As Aladar catches up with the herd and suggests the safer way to the valley, the enraged Kron tries to kill him, but Neera stops Kron and saves Aladar. The herd decides to abandon Kron, taking Aladar as their new leader. As they prepare to leave, the Carnotaurus arrives and confronts them. Aladar rallies the herd to stand together, and they bellow their way past the predator. The Carnotaurus then pursues Kron to the edge of a cliff and injures him, but Aladar and Neera fight against the Carnotaurus, until it is knocked into the ravine, where it falls to its death. Kron dies from his injuries, and Neera and Aladar mourn for him.
Aladar leads the herd to the cave as a route to the Nesting Grounds. A new generation of dinosaurs hatch sometime later, including Aladar and Neera's children. The lemurs find more of their kind, and soon they begin embarking on a new life together.
- D. B. Sweeney as Aladar, a brave, determined and compassionate Iguanodon who is adopted into a family of lemurs, and helps the herd of dinosaurs migrate and survive. He is the adoptive son of Plio, the adoptive nephew of Zini, the adoptive grandson of Yar, and the adoptive brother of Suri.
- Alfre Woodard as Plio, a lemur matriarch who cares for her family. She is the daughter of Yar, the older sister of Zini, the mother of Suri, and the adoptive mother of Aladar.
- Ossie Davis as Yar, a lemur patriarch whose occasional gruff demeanor is just a front covering his more compassionate interior. He is the father of Plio and Zini, the grandfather of Suri and the adoptive grandfather of Aladar.
- Max Casella as Zini, Aladar's best friend and wisecracking sidekick. He is the adoptive uncle of Aladar, the uncle of Suri, the younger brother of Plio and the son of Yar.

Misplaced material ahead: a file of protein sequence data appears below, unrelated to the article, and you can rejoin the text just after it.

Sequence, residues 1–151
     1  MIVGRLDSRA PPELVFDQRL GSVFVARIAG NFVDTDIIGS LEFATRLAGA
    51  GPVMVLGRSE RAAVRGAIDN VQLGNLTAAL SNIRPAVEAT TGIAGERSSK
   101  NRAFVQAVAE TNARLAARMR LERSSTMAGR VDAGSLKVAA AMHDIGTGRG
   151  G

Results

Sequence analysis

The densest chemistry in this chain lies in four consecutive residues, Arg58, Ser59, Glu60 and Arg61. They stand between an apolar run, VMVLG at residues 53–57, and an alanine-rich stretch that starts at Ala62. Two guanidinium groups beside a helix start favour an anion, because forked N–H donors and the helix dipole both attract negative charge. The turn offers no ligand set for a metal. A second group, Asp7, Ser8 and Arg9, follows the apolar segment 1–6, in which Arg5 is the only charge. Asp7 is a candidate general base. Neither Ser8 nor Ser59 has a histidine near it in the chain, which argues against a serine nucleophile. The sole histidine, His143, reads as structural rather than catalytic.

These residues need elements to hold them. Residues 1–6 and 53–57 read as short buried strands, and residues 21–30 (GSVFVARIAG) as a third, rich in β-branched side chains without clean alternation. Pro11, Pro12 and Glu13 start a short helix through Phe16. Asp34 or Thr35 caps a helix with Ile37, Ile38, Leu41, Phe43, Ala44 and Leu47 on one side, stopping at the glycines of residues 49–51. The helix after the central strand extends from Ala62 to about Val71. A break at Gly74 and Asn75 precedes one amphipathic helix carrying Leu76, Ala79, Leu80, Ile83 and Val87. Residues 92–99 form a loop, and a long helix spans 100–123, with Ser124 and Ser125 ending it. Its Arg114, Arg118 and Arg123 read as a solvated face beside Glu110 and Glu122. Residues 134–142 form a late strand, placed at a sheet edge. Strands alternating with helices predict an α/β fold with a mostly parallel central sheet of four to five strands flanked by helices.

- Evan Sabara as Young Zini.
- Hayden Panettiere as Suri, Aladar's adoptive sister, Plio's daughter, Zini's niece and Yar's granddaughter.
- Samuel E. Wright as Kron, a merciless and short-tempered Altirhinus, characterized by a strict adherence to social Darwinism. He serves as the leader of the dinosaur herd survivors, but Aladar replaces him.
- Julianna Margulies as Neera, Kron's sister and Aladar's love interest.
- Peter Siragusa as Bruton, Kron's second-in-command Muttaburrasaurus, who is harsh and sarcastic, but becomes repentant. After Kron abandons Bruton, he is rescued by Aladar.
- Joan Plowright as Baylene, an elderly, dainty and kindhearted Brachiosaurus, who is the last of her species.
- Della Reese as Eema, a wizened, elderly and slow-moving Styracosaurus.
While a dinosaur-related computer-animated film had been contemplated for over a decade, the film finally went into production when it did, as "the technology to produce the stunning visual effects" had come about - a few years before Dinosaur's eventual release in 2000. The CGI effects are coupled with "real-world backdrops to create a 'photo-realistic' look".
The crew went all around the world, in order to "record dramatic nature backgrounds" for the film, which were then "blended with the computer-animated dinosaurs". Disney said that the over-$100 million visual effects "make the film an 'instant classic'".
The concept for the film was originally conceived by Paul Verhoeven and Phil Tippett in 1988 and was pitched as a stop-motion animated film with the title Dinosaurs. The film's original main protagonist was a Styracosaurus named Woot and the main antagonist was originally a Tyrannosaurus rex named Grozni, with a small mammal named Suri as a supporting character.
The film was originally going to be much darker and violent in tone, in a style akin to a nature documentary. After Woot defeats Grozni in a final fight, the film would end with the Cretaceous-Paleogene extinction event, which would ultimately result in the deaths of the main dinosaur characters. Paul Verhoeven and Phil Tippett pitched the idea to Disney, only to have the idea for the film shelved away with the onset of the Disney Renaissance until the mid-1990s. Then-Disney CEO Michael Eisner, seeing the success of Pixar's first feature film Toy Story, suggested discarding the original script for the film and using computer animation as opposed to stop-motion.
Verhoeven and Tippett were removed from the project with Ralph Zondag and Eric Leighton assuming the roles of directors. The new script had an Iguanodon named Noah as the protagonist with a lemur companion named Adam, and a group of Carnotaurus as well as a rival Iguanodon named Cain playing the antagonists. The story dealt with Noah, who had the ability to see visions of the future, foreseeing the coming of an asteroid and struggling to guide a herd of other dinosaurs to safety. Further into production, Noah, Cain and Adam were renamed Aladar, Kron and Zini, and certain aspects of the story were altered further into what was later seen in the final product.